THE BISHOP of Birmingham has responded to the Chancellor’s Budget statement calling for ‘policies that will promote healing over further division.’
The Rt Rev David Urquhart said that the UK needs to be committed to policies of care for the environment, a bias for social justice and a renewed focus on the most vulnerable, as it considers its place outside of the EU.
Bishop Urquhart said that he is encouraged by the Chancellor’s announcement of an extra £2 billion to social care funding over the next three years but he said ‘this needs to be placed on a more sustainable footing.’
He spoke about the ‘priority for an improving school system’, which he said ‘should be to ensure that this is made possible for each person, no matter the circumstances into which they are born or the struggles they may face as learners.’
He welcomed the announcement of extra funding for technical education and the proposed T-level, which would give a ‘fresh emphasis’ to equipping young people with technical skills.
Bishop Urquhart welcomed renewed investment in infrastructure. He emphasized that small independent businesses are ‘vital’ to the economy and that he will be looking closely at the steps the Chancellor has announced to alleviate the impact of the business rates rise.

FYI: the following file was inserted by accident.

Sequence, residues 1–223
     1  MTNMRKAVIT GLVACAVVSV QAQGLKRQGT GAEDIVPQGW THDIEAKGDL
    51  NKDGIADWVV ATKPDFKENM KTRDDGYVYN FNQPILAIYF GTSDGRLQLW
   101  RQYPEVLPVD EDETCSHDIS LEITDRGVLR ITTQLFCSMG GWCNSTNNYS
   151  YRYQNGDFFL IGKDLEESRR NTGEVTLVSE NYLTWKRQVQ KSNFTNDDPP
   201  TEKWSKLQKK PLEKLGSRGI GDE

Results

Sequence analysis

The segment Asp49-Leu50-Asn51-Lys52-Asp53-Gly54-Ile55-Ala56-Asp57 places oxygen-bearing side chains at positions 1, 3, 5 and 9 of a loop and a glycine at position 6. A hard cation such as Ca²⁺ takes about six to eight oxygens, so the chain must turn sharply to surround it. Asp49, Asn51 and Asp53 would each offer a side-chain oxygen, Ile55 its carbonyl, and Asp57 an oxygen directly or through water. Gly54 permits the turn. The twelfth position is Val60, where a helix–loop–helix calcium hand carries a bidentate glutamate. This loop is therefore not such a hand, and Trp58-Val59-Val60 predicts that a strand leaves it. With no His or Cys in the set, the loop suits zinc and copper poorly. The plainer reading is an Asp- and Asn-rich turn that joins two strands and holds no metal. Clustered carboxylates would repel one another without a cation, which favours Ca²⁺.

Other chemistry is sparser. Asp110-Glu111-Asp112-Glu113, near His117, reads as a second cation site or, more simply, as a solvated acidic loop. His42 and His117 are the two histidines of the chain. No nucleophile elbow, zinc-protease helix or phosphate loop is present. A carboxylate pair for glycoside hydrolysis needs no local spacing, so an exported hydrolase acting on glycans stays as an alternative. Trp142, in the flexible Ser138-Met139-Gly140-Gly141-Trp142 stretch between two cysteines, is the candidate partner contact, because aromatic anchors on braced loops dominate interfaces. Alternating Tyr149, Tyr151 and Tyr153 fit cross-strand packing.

He said that he remains concerned about levels of in-work poverty. “A bias towards justice must mean that the fruits of any economic upturn are felt first by those who are most struggling,” he said, pointing out that research from a number of national charities has shown that a combination of benefit freezes and a rising cost of living is putting pressure on living standards and an increase in child poverty for those already on the margins. This led to ‘more families facing the prospect of having to prioritise debt repayment over family essentials.’
He said that churches, charities and civil society have a key role to play alongside Government in helping to alleviate these problems, ‘but a safety net needs to be well maintained’, he urged.
“I am concerned by reports from the Charities Aid Foundation that nearly one in five charities report they are struggling to survive, rising to a quarter for smaller charities.
“Though not mentioned by the Chancellor in his speech, the doubling of the rate of Insurance Premium Tax over the past 18 months is just one area that Government might re-examine, given the disproportionate impact it has on charities and churches,” he said.